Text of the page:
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Associated Press
James Comisar has a costume George Reeves wore in “Adventures of Superman.”

Collector seeks home for TV, film memorabilia

– James Comisar is the first to acknowledge that more than a few have questioned his sanity for spending the better part of 25 years collecting everything from the costume George Reeves wore in the 1950s TV show “Superman” to the entire set of “The Tonight Show Starring Johnny Carson.”

Then there’s the pointy Spock ears Leonard Nimoy wore on “Star Trek” and the guns Tony Soprano used to rub out a mob rival in an episode of “The Sopranos.”

“Along the way people thought I was nuts in general for wanting to conserve Keith Partridge’s flared pants from ‘The Partridge Family,’ ” the good-natured former TV writer says of the 1970s sitcom as he ambles through rows of costumes, props and what-have-you from the beginnings of television to the present day.

“But they really thought I needed a psychological workup,” Comisar, 48, adds with a smile, “when they learned I was having museum curators take care of these pieces.”

A museum is exactly where he wants to put all 10,000 of his TV memorabilia items, everything from the hairpiece Carl Reiner wore on the 1950s TV variety program “Your Show of Shows” to the gun and badge Kiefer Sutherland flashed on “24” a couple TV seasons ago.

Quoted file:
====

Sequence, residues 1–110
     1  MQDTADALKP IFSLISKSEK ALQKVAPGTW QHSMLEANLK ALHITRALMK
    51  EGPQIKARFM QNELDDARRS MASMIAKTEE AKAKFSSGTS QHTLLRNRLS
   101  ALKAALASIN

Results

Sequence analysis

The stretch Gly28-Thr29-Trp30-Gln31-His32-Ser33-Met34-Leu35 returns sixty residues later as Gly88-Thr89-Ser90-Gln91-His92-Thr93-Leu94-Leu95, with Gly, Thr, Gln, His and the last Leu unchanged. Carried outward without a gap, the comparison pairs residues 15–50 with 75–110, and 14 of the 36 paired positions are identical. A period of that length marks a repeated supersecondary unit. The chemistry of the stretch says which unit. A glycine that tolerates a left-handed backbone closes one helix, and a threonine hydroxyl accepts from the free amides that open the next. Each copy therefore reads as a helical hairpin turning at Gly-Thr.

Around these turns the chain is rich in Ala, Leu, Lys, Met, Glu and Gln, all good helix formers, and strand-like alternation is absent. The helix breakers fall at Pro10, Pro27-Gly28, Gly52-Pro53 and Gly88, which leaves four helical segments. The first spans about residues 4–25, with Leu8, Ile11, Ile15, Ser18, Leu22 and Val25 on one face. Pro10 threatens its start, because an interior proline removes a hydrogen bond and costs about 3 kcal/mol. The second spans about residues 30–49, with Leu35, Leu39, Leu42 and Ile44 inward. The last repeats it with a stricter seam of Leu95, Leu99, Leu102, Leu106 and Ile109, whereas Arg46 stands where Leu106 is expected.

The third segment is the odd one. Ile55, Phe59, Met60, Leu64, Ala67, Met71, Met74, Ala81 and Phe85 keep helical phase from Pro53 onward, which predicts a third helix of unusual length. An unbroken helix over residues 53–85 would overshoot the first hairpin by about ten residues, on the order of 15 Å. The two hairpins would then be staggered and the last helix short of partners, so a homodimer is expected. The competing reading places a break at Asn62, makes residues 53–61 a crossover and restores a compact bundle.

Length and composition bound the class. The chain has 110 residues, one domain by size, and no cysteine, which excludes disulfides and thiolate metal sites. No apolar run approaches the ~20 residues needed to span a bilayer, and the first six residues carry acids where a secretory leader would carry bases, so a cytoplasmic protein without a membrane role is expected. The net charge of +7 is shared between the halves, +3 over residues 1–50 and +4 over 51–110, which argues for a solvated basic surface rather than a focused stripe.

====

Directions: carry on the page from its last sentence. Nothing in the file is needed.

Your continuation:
Comisar is one of many people who, after a lifetime of collecting, begin to realize that if they can’t find a permanent home for their artifacts those objects could easily end up on the trash heap of history. Or, just as bad as far as he’s concerned, in the hands of private collectors.

If he simply sold it all, he could probably retire as a millionaire several times over. He won’t even think about that.

“I’ve spent 25 years now reuniting these pieces, and I would be so sick if some day they were just broken up and sold to the highest bidder,” he says.

Comisar believes he’s finally found the right site for a museum, in Phoenix, where he’s been lining up supporters. He estimates it will cost $35 million and several years to open the doors, but hopes to have a preview center in place by next year.

But, really, why all the fuss over a place to save one of the suits Regis Philbin wore on “Who Wants to be a Millionaire”?

“In Shakespeare’s time, his work was considered pretty low art,” Comisar responds.

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